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Frequently asked questions and answers

How are the European Commission's space activities financed?

Space-based applications for the general public are financed through the Seventh Framework Programme (FP7) whose budget for space comes to €1.43bn for 2007-2013.

The European Commission dedicated some €2.6bn to space applications and activities, of which €1bn is earmarked for the Galileo satellite navigation programme. A further €2.4bn was approved in December 2007 to ensure Galileo's full deployment.

Financing space activities

How do European countries work together in the space sector?

A framework agreement was concluded between the European Communities and the European Space Agency, setting up a ministerial level space council, an EC-ESA joint secretariat, and a high level space policy group which have all proved crucial for the development of a joint European space policy. This agreement is the basis on which European countries coordinate their efforts in the space sector.

How do Europeans benefit from the European space policy?

Many concrete applications have been developed through the European space policy, including in the fields of Satellite navigation, earth observation and satellite communication. Data gathered from these applications can help to locate and save the lives of crews in difficulty due to bad weather, for example.

How does the European Union cooperate with the rest of the world in the space sector?

Europe approaches international cooperation with the objective of remaining a leader in space systems and an indispensable international partner providing first class contributions to global initiatives and exerting leadership in selected domains in accordance with European interests and values.

Europe has an open attitude to cooperation regarding the space sector, making strategic choices between international partnerships or independent action. Several initiatives have been undertaken and agreements signed.

How does the space sector fit into the overall EU policy picture? Does it have any impact on other EU policies?

The EU's space policy connects many other EU policies. Satellite navigation has benefits for the transport sector, space-based services help to strengthen the security of our citizens and prevent crises thanks to the strategic observation of global developments, and space technologies can improve and strengthen development efforts. Space based systems also help to measure and predict the effects of climate change.

More information on the connections between EU policy areas:

Space and EU policy areas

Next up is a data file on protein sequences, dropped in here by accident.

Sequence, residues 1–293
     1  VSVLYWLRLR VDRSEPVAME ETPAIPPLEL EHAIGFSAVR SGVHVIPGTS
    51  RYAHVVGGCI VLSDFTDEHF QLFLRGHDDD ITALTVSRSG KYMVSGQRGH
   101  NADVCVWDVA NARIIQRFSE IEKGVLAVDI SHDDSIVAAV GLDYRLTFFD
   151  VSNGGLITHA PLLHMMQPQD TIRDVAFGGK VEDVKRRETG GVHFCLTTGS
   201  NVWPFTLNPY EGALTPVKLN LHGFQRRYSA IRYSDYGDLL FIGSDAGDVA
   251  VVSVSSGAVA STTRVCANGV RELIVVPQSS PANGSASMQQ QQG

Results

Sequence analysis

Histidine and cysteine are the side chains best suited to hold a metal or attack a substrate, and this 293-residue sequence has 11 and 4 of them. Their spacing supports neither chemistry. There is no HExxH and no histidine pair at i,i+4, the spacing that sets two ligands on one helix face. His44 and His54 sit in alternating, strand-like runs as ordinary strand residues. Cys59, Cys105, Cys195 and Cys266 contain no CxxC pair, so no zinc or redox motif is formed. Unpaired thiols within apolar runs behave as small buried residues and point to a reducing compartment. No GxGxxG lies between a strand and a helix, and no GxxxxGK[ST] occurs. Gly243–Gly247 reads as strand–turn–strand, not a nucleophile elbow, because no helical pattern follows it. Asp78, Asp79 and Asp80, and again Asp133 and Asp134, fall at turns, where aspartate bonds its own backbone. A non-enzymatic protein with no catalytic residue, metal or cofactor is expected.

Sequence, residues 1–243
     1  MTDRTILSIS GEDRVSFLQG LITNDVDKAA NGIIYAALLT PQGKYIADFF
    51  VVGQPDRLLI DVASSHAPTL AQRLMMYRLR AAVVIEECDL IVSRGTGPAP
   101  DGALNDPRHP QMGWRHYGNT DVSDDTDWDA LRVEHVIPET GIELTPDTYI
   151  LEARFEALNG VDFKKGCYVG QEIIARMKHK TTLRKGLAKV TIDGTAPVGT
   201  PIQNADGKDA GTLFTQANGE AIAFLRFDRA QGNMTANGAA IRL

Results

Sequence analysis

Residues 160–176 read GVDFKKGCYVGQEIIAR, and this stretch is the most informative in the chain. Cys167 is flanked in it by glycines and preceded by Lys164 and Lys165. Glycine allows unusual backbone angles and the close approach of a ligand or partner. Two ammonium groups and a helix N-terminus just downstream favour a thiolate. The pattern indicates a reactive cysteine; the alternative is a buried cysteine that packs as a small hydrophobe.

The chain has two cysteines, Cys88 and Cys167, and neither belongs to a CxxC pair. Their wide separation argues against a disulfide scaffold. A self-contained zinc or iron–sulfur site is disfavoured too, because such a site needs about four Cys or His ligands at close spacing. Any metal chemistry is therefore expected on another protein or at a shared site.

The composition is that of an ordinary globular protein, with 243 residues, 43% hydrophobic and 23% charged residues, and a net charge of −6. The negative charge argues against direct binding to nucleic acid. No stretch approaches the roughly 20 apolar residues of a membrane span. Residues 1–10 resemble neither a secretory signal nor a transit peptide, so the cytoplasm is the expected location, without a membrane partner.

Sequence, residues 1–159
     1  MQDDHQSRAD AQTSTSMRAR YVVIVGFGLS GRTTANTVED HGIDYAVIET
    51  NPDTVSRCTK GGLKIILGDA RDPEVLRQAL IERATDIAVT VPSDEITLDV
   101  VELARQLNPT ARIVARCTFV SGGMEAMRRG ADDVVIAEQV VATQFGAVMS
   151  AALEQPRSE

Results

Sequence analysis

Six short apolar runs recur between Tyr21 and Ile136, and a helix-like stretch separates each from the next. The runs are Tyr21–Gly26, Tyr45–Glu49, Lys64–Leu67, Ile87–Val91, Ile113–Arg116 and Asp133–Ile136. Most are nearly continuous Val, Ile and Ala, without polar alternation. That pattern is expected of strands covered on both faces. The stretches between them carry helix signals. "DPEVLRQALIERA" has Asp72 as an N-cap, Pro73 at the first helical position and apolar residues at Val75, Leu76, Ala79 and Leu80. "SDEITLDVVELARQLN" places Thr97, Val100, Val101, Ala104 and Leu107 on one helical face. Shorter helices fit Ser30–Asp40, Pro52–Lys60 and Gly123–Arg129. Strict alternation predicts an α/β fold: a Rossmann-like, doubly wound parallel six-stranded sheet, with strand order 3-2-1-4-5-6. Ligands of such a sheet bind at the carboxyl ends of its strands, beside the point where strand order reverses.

What impact does the EU's space policy have on economic growth and job creation?

In 2006 the European space manufacturing industry employed around 29 000 people and generated a turnover of €5bn. Two of the six main global satellite manufacturers ( EADS Astrium and Thales Alenia Space) are European and one of the four global commercial launcher companies ( Arianespace, with close to a 50% market share) as well.

What is GMES/Copernicus?

GMES/Copernicus stands for Global Monitoring for Environment and Security. Information provided by GMES/Copernicus services is based on observation data received from Earth observation satellites and ground-based information. It will help to monitor Earth sub-systems (land, ocean and atmosphere) and assists in dealing with emergency and security issues. GMES/Copernicus will help us understand better how and in what way our planet may be changing (including climate change issues), why this is happening, and how this might influence our daily lives.

GMES/Copernicus is a joint effort European initiative led by the European Commission where the European Space Agency (ESA) coordinates the space component and the European Environment Agency (EEA) the in-situ component.

Why is space so important to the European Union?

Space systems and space-based technologies are a critical part of the daily life of all European citizens and businesses. From telecommunications to television, weather forecasting to global financial systems most of the key services in the modern world depend on space to function correctly. The European Union wants to ensure that these services are continuous and is therefore working towards non-dependence in the space sector. The space sector also has a direct impact on the economy and on society, requiring and generating new ideas and innovations

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